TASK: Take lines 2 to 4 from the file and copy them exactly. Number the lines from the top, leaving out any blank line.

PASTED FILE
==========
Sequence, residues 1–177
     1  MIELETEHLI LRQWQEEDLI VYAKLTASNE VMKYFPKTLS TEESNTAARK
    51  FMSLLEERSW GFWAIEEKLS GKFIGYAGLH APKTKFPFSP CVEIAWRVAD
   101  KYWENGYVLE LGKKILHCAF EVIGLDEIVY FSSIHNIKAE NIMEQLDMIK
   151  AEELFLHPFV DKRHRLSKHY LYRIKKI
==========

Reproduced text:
     1  MIELETEHLI LRQWQEEDLI VYAKLTASNE VMKYFPKTLS TEESNTAARK
    51  FMSLLEERSW GFWAIEEKLS GKFIGYAGLH APKTKFPFSP CVEIAWRVAD
   101  KYWENGYVLE LGKKILHCAF EVIGLDEIVY FSSIHNIKAE NIMEQLDMIK